The Locale in Films

Locale is the physical environment and setting in which characters and their actions are embedded, or, to rephrase it, locale is the inanimate part that fuses with the animate one on screen to produce some sort of products by the alchemy of the art and craft of those wielding the camera.

Vidhu Vinod Chopra’s 1942 A Love Story and Kareeb, and Anurag Basu’s Barfi, to name the films that have done it well, have used the locale to its optimum cinematic effect. There may be others too, but the films just mentioned are the ones that instantly came to my mind on the mention of the word locale. That too, when the first one was released and seen over two decades ago. No, the post will not delve deep into any kind of analysis of those films. they are the examples that the brain sprung forth – the examples of skilful utilization of the locale either in some parts of the film or throughout its length.

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Showcasing the picturesque is the shortcut  that an average cameraman or director takes in order to make their screen shots appear more attractive, but they miss the point here. The audience wants action and that must come to life synergistically with the locale on the screen. If that synergy can’t be achieved then just highlighting the picturesque doesn’t guarantee that the film will attract the audience. If the audience wanted to watch the pasteurized picturesque of the locale, they would watch a documentary and not the film. This mistake of forcible imposition of the locale’s picturesque on to the screen can be witnessed in films like Laga Chunri Mein Daag and Banaras: A Mystic Love Story.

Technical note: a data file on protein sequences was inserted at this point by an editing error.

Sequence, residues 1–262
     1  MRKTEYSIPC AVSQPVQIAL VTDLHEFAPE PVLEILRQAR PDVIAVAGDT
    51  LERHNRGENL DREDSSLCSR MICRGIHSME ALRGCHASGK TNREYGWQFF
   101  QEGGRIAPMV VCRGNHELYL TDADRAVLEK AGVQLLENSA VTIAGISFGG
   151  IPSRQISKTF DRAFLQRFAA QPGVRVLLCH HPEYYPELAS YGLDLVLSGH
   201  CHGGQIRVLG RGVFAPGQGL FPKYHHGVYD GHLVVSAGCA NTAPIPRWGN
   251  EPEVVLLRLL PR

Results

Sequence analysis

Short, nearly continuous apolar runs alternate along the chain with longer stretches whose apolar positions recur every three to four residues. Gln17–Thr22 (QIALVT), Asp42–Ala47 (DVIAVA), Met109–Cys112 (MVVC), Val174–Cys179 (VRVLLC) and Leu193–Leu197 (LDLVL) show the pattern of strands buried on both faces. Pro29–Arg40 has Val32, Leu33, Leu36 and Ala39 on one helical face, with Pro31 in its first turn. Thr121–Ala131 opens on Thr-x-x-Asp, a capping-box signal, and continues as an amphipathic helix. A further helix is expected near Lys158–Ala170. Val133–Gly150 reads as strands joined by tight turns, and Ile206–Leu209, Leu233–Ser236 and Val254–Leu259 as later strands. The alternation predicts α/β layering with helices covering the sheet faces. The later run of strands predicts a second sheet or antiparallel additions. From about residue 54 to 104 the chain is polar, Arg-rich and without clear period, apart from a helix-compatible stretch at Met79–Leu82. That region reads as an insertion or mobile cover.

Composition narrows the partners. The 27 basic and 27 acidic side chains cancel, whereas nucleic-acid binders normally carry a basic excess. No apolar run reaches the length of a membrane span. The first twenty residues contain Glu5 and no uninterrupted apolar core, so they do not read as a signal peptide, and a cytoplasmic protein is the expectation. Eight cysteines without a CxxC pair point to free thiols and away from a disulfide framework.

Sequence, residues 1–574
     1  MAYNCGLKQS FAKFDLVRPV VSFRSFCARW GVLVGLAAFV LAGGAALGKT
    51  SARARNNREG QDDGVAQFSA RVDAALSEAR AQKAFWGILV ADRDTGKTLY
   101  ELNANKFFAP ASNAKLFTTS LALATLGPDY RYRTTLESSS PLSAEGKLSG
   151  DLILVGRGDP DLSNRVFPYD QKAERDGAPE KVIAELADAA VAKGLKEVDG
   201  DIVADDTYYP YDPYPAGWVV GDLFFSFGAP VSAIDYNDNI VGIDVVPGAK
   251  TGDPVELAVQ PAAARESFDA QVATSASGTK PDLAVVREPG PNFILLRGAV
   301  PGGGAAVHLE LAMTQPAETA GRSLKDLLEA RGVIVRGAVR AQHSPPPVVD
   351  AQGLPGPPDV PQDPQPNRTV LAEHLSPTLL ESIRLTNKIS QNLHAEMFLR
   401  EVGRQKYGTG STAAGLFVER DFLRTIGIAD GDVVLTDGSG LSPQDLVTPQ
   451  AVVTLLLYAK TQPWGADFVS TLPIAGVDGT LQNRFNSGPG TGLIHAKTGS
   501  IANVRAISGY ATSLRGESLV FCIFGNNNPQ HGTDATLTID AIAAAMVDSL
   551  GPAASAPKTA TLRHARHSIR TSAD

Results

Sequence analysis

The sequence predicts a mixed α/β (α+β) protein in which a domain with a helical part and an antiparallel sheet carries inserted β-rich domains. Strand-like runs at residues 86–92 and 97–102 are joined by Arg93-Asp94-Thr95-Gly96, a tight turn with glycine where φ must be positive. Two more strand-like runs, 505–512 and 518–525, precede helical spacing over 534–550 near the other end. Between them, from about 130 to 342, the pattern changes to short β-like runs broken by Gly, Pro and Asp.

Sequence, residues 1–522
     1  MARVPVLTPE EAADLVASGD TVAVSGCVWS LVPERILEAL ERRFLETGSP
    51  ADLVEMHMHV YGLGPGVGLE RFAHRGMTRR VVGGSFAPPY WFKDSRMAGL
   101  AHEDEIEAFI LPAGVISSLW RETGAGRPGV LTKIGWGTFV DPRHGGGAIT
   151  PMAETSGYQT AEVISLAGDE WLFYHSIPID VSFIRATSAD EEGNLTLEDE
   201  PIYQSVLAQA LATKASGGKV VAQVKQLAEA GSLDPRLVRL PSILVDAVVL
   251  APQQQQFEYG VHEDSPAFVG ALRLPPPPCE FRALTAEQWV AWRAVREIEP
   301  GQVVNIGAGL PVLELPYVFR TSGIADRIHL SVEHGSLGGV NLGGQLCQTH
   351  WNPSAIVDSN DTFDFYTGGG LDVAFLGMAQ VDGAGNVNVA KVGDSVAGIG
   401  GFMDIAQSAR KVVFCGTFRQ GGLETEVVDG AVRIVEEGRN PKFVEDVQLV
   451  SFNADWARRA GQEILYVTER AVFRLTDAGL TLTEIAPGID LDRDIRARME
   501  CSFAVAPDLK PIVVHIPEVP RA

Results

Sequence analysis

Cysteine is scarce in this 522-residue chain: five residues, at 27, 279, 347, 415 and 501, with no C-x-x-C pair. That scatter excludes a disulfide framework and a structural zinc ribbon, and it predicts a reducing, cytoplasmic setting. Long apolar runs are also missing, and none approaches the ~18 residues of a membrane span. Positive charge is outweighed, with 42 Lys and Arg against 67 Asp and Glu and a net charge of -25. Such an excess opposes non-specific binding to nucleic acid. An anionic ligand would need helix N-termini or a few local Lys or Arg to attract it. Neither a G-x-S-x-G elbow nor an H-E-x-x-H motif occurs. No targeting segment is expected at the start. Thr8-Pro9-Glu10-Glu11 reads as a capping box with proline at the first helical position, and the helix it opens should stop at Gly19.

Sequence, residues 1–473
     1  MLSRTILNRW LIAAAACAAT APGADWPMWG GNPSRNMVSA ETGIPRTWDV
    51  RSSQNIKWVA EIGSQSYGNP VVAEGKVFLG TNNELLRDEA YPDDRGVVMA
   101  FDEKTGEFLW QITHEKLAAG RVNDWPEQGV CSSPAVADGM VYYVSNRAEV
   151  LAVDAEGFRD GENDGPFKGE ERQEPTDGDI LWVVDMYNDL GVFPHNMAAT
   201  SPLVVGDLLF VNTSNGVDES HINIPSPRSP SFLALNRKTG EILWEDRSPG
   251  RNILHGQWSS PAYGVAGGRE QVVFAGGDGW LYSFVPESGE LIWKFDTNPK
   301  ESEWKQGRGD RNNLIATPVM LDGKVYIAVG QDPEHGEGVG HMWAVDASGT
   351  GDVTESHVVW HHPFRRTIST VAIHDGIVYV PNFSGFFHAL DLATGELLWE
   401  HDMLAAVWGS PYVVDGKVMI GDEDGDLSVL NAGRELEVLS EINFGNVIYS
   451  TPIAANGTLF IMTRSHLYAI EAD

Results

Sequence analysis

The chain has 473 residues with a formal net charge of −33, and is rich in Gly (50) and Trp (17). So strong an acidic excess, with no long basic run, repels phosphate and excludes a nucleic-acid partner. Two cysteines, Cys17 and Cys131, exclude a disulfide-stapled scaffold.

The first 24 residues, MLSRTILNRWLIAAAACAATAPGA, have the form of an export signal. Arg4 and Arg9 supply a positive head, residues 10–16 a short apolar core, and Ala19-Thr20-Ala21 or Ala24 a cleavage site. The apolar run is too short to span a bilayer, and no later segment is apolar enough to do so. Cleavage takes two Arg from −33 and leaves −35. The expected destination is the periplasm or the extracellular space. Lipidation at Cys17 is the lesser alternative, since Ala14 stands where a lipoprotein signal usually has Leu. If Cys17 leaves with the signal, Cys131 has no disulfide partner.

The locale is central to the conception of films like Aparajito and Raanjhanaa – films in which the characters who belong to Banaras and the action forms and amalgam with the locale: the ghats, galis, streets, rooftops, temples & c. Thus, the city emerges as an integral part of the script and of the film simultaneously [Both are not the same, as is clear from films like Sangharsh (1968) in which the script and the background of the title sequence indicate that the film is set in Varanasi, but one does not see the city anywhere in the whole film]. Imagine Raanjhanaa in Texas and The Lone Ranger with Varanasi as the backdrop! Interesting though they’d be, the experience will change considerably. The locale, like the action or characters, is central to the conception of films.

Creative Commons License This work is licensed under a Creative Commons Attribution-NonCommercial-NoDerivs 3.0 Unported License.

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